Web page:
How RAID Storage Protects Data: Understanding Benefits and Trade-Offs of RAID for Data Protection
There seems to be quite a lot of hype about the benefits of RAID storage solutions, and to be fair, within the context of business-class server systems, RAID storage has provided huge benefits. The critical part is understanding the trade-offs to avoid unmet expectations, and this is even more important before laying out the money for RAID storage on a single-user PC.
RAID Benefits in a Nutshell
The main goals of RAID storage configurations are to reduce downtime or lost data due to hardware failure, and to improve performance. It is definitely true that the right level of "parity" can prevent loss of data due to a disk failure. It is also true that the striping features of some RAID levels can improve response time or throughput for some application
However, this hardware protection and performance gain isn't foolproof, nor is it a given for many end user systems. For example, it is important to realize that RAID itself does not "backup" data, so any data corruption or accidental deletion will still cause lost data - meaning that backup strategies are still essential.
RAID Protection from Data Loss
There are several RAID Levels defined, however generally only RAID-0, RAID-1, RAID-1+0, and RAID-5 are used. There is also RAID-6, which is really just adding an additional parity block to a RAID-5 array to allow for more than one simultaneous hardware failure. This has some additional trade-off of course.
RAID-0 does not protect against any data loss whatsoever, so it should not be considered if that is the goal for implementing a RAID solution. Statistically speaking, the more disk drives involved in an environment, the more likely there will be a failure, and a RAID-0 configuration is completely lost if even one of those drives fails.
RAID-1 provides excellent protection from data loss due to hardware failure since the statistical probability is very low that both drives involved in that mirror will fail simultaneously. Everything written to the RAID-1 "drive" is actually written to both drives nearly instantaneously - and this means any data corruption or accidental file deletion (or virus corruption).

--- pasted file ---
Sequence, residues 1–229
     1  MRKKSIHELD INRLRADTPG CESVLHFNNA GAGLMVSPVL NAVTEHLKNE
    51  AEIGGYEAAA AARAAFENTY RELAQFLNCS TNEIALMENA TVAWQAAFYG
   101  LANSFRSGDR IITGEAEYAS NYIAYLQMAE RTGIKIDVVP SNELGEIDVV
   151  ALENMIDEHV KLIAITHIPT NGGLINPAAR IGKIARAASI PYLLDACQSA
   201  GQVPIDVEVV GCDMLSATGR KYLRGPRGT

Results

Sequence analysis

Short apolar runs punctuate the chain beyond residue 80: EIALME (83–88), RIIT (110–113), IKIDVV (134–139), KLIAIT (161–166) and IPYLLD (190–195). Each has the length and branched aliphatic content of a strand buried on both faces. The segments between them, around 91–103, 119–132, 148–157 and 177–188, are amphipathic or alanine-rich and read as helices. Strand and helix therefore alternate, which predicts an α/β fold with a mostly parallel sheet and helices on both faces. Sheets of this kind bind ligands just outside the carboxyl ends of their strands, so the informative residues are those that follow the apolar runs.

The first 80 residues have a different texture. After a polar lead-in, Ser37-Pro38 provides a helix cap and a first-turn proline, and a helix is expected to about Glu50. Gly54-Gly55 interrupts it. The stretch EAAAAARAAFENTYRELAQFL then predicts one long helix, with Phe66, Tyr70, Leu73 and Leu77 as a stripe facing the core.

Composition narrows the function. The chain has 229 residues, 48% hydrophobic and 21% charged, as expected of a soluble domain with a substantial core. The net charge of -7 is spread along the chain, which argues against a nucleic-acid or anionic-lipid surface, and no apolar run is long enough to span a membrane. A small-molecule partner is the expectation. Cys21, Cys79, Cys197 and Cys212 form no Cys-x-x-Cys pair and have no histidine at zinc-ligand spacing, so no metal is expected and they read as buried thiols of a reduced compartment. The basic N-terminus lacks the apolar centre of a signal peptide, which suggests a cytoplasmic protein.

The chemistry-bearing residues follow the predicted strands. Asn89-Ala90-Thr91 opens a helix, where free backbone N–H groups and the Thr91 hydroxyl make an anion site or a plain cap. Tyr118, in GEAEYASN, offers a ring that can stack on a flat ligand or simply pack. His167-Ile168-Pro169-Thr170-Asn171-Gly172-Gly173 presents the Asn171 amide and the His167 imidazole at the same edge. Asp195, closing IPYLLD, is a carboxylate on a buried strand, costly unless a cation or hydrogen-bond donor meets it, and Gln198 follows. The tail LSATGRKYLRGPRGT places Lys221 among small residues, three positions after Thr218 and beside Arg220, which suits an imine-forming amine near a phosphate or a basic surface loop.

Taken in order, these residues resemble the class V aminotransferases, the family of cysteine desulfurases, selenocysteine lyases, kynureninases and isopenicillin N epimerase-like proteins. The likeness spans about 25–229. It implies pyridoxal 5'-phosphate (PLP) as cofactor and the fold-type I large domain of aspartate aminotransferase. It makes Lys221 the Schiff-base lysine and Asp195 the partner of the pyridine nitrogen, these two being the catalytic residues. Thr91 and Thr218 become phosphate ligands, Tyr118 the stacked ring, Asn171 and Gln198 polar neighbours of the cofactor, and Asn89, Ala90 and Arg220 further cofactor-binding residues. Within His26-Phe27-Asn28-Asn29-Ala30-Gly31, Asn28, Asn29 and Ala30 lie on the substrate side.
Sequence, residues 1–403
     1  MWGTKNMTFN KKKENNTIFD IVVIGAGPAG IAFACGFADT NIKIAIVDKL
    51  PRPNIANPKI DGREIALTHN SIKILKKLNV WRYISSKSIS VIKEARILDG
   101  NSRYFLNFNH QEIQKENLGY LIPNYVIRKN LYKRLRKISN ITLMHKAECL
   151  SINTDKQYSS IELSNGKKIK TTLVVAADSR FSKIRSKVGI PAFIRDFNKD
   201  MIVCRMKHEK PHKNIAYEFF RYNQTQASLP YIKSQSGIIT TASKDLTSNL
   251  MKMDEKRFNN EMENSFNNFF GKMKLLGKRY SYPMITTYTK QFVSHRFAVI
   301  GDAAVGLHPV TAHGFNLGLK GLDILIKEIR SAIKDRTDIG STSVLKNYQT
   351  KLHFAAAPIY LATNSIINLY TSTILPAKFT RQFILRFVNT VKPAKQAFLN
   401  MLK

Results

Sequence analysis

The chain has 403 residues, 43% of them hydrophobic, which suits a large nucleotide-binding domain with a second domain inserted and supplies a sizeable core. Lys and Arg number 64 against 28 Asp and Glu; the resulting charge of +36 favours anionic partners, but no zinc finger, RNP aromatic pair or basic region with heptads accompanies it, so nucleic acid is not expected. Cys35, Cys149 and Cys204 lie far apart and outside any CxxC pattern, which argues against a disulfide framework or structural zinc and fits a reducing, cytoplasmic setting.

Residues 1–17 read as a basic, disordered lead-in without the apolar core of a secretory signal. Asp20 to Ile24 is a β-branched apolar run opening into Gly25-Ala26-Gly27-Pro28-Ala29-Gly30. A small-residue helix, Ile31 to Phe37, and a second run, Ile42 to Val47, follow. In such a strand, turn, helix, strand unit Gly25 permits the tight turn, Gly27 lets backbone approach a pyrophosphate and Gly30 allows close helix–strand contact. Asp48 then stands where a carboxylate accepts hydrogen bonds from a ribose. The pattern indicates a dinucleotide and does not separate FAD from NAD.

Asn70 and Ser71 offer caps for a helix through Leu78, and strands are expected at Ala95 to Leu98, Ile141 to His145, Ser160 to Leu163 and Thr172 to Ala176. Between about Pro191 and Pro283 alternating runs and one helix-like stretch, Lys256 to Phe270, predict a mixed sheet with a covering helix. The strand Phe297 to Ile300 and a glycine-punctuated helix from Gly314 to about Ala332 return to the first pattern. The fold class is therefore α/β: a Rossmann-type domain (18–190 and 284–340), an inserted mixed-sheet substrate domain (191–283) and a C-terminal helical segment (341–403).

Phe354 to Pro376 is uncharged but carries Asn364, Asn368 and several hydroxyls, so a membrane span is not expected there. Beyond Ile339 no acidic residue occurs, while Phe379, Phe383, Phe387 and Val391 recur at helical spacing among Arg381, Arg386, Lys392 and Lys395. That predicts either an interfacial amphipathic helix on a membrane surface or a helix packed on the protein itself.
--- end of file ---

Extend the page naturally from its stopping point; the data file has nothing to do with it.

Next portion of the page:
There is also RAID-1+0, which is where multiple RAID-1 sets (two drives each) are striped into a RAID-0 set to provide greater performance benefit. While it is true that increasing the number of drives in the RAID-1+0 set increases the probability of multiple simultaneous failures in the whole array, the probability of both drives in a single RAID-1 set failing simultaneously is very small, allowing this configuration to withstand multiple simultaneous failures.
RAID-5 (or RAID-6) will give you similar protection in that there will be additional parity of the data interspersed throughout all drives in the RAIDset. The minimum number of drives needed is 3 (or 4), otherwise it would really just be a RAID-1 set. The more drives in the RAIDset, the greater the probability of multiple simultaneous drive failures, and a RAID-5 (or RAID-6) array can only withstand a single drive (or two drive) failure without data loss.
RAID Protection does not Eliminate Backups
It is critical to realize that having a RAID storage system of any variety will not eliminate the need to perform backups. While the data blocks on disk are protected by additional parity copies, these parity copies are updated when any update occurs on the original data block - i.e., when a file is corrupted, infected with a virus, or deleted. A RAID system will happily copy all of this activity to the parity block.
Other RAID Considerations
Aside from the data protection benefits of RAID storage solution, there are also performance and cost considerations. These two will be explored in later articles in order to provide the proper level of detail that each requires.
Author: Jeff Sue